Bowdoin's admissions web site describes its athletic facilities as "top-notch." We have a state-of-the-art squash facility, multiple gymnasiums, first-rate sailing and crew equipment, and a competition swimming pool, to name a few. So, why is it that Bowdoin's most basic athletic facility?the Watson Fitness Center in Smith Union?is, as a vast majority of students would put it, so sub-par?
As highlighted in the recent article "Waiting to workout: fitness facilities at Bowdoin," many athletes are unable to complete workouts required by their coaches because of frustrating traffic at the fitness center. All but two NESCAC schools have larger fitness centers on campus, and those two have finalized plans to renovate. One tour guide even told the Orient that he is embarrassed to take his groups past the fitness center when walking through the union.
Surely, six treadmills cannot sustain the fitness needs of 1,666 students and all the faculty, staff, and alumni who use the facilities. This is clearly evidenced by observing the all-too-frequent lists of students on dry-erase boards who are waiting to use machines at the fitness center. Outdoor exercise is not always an option during the rugged Maine winters, and one would hope that the $41,660 comprehensive fee would offer a student the opportunity to get quick access to a mere treadmill in between government class and lunch.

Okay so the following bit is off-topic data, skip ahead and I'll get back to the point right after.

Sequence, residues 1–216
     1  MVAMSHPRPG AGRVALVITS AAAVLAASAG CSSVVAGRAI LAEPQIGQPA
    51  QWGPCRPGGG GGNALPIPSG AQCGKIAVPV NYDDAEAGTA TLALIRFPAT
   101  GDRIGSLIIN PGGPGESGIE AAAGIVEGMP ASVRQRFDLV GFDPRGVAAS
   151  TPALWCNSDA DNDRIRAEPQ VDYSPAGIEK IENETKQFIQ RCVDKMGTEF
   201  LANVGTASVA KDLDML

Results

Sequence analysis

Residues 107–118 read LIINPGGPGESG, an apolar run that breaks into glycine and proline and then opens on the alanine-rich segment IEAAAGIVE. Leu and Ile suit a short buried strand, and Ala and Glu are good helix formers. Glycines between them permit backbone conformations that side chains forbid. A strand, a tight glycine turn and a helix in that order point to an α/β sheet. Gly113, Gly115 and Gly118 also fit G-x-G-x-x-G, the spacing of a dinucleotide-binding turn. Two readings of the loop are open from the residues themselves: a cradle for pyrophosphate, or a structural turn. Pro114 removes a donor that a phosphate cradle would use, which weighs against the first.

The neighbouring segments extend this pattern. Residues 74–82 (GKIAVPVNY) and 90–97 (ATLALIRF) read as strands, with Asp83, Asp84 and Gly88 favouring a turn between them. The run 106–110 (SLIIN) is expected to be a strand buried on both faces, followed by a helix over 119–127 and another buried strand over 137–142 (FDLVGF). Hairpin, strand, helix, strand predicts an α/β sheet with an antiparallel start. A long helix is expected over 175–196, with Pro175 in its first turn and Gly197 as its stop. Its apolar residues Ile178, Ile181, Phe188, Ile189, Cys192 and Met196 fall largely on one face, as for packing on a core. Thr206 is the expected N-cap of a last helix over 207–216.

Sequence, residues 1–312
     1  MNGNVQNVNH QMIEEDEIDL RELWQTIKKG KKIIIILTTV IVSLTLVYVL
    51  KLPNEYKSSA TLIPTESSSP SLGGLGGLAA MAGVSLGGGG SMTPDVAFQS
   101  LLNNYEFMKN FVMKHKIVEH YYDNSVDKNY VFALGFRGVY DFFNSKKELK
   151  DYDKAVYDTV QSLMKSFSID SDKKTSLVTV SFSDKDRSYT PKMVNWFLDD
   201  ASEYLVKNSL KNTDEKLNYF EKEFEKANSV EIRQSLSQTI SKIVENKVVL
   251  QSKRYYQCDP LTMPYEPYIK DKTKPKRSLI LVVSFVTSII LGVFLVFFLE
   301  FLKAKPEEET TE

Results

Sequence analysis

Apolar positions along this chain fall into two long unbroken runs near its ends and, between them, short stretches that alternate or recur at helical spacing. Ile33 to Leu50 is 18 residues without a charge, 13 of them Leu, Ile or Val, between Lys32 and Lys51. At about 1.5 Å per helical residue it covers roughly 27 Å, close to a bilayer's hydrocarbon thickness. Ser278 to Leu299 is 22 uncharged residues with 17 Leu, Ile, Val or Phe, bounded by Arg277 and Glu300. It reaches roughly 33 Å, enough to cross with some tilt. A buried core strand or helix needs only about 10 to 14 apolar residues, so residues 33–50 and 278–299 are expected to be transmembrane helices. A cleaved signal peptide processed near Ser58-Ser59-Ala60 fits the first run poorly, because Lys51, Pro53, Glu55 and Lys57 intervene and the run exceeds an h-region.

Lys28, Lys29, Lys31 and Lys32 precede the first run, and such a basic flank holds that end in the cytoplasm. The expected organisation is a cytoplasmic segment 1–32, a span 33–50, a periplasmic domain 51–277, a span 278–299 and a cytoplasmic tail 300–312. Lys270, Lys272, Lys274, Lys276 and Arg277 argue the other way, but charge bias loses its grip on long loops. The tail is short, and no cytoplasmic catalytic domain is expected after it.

Fitness is a central component in keeping a healthy lifestyle. College Physician and Director of Health Services Doctor Jeff Benson said in an article last week, "Thirty minutes or so per day, a few days a week, is what we all need." So many students use exercise as a fuel for getting through long days of classes, homework, and meetings. But if a student only has 30 minutes of free time during the day, what is the sense in simply using it to wait for a fitness machine at Watson?
With Bowdoin's growing endowment, we expect that a plan is in the works to create a brand new fitness center in a few years?a center that the College could honestly call "top-notch."
Until then, there needs to be a temporary solution.
Bowdoin Student Government has worked to expand gym hours, but significantly increasing access and the number of workout machines is a matter the College must address. It could perhaps add more elliptical machines and treadmills to the old squash area of the gym. Also, the fitness center should be cleaned during off-hours instead of interrupting free time students may have between 9:30 and 11 a.m. when the center closes for daily cleaning.
Whatever the change, it needs to come now. The Watson Fitness Center might have fulfilled the needs of students 10 years ago when it was created, but its time has expired. Students should not have to wait years for the College to hit the drawing boards and fashion up a new plan. Something so important to student life as physical fitness cannot afford to be put on hold.
The editorial represents the majority view of The Bowdoin Orient's editorial board. The editorial board is comprised of James D. Baumberger, Drew Fulton, Bobby Guerette, Evan S. Kohn, and Beth Kowitt.